It makes no difference whether you agree or disagree with the stated philosophies of the Tea Party — and, as a progressive, I abhor them all — you must acknowledge one unassailable fact: It is the most successful third party in American history, at least since the dawn of the 20th Century. The reason why the Tea Party has succeeded as a political force, where other third parties like the Green or Libertarian parties have failed, is because it operates within the existing political structure, in this case the Republican Party.
As a result, we now have on the American political scene, what amounts to three political parties: the Democratic Party, the Republican Party and the Tea Party. Admit it: Texas, to cite just one example, is not a Republican state, it’s a Tea Party State.
The Tea Party was founded by white supremists and isolationists, but gained its greatest success when big business and the monied elite realized the aims of the Tea Party coincided with their own and if the Tea Party succeeded in what they wanted from government, the rich would get richer and big business would hold even more power than it does today. They scoured the landscape, found individuals who not only agreed with their jingoism but were willing to espouse it publicly, financed their political fortunes and sent them out to spread their message in evangelical style. It attracted a fanatical following, which flocked to election booths and resulted in the so-called Republican landslide of 2014.
This wasn’t a case of Americans suddenly adhering to the Tea Party point of view. It was a case of a handful of fanatics who cared enough to vote while most of American stayed home because, unlike the Tea Party, it couldn’t find a set of ideals around which to rally. Just 36.4 percent of the voting age population bothered to vote in last year’s midterms. That’s the lowest percentage since 1942 when only 33.9 percent of voting-age Americans cast ballots and a lot of that drop off could be attributed to the fact that a significant number of those Americans were off somewhere fighting in a war.
I will argue that progressive ideals and programs — Social Security, Medicare, civil rights legislation, etc. — are what have made this country great. But for some reason, the progressive movement has fallen silent and its ideals have been co-opted by the mainstream Democratic Party. This is nothing new. The progressive movement had a major surge in the late 1960s through the mid-1970s and then it all went downhill and culminated in the nomination and election of Jimmy Carter for president and has continued through the presidencies of Bill Clinton and, unfortunately, Barack Obama. And now that Democrats seemed ready to anoint Hillary Clinton as its nominee for 2016, the prospects are more of the same. I can see the monied interests of Wall Street readily supporting a Clinton candidacy, but I can’t see grass-roots, middle-class, progressive thinking voters being overly excited about the prospect. And as much as I admire some of what I’ve heard from Sen. Elizabeth Warren of Massachusetts, she has yet to convince me she is the person to grab the banner of the progressive movement and lead followers to the barricades.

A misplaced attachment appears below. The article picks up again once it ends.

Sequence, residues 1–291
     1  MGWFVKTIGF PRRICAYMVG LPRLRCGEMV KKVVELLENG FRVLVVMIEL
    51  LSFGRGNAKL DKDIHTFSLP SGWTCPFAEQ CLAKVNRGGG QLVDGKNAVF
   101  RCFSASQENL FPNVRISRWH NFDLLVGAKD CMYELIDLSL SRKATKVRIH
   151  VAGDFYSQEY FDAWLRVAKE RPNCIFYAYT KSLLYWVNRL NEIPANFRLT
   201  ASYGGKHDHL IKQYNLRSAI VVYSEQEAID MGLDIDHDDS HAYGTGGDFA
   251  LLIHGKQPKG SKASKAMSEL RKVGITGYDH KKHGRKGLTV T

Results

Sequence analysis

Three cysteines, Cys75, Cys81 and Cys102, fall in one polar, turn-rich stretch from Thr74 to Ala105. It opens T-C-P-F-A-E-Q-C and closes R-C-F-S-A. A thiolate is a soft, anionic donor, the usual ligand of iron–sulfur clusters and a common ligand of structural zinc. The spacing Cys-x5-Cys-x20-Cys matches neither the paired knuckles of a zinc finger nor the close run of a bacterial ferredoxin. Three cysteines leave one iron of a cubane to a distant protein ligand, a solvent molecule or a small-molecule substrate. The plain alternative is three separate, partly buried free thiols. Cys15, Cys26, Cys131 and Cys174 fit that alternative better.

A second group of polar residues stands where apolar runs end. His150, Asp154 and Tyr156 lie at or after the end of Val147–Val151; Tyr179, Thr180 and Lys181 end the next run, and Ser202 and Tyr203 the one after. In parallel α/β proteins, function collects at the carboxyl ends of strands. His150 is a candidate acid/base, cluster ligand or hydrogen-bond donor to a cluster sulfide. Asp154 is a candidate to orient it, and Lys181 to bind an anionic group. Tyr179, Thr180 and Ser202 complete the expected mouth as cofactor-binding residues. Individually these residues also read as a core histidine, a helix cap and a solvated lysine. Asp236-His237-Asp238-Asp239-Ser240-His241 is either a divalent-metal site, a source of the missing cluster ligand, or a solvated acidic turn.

What is needed are new progressive voices within the framework of the Democratic Party, those unafraid to speak about issues that will drive those stay-at-homes-on-election-day to the polls, much in the same way the Tea Party has. Issues like gun safety, voting rights for all, sensible immigration reform, an individual’s right to make their own health care choices and to have the facilities available to them for those choices, an individual’s right to marry the person they love: programs based on loving thy neighbor instead of those based on distrusting them and, yes, even outright despising them.
Progressives should spend more time following the Tea Party’s blueprint for political takeover and less time criticizing it without offering an alternative ideals and candidates to excite and energize the American electorate.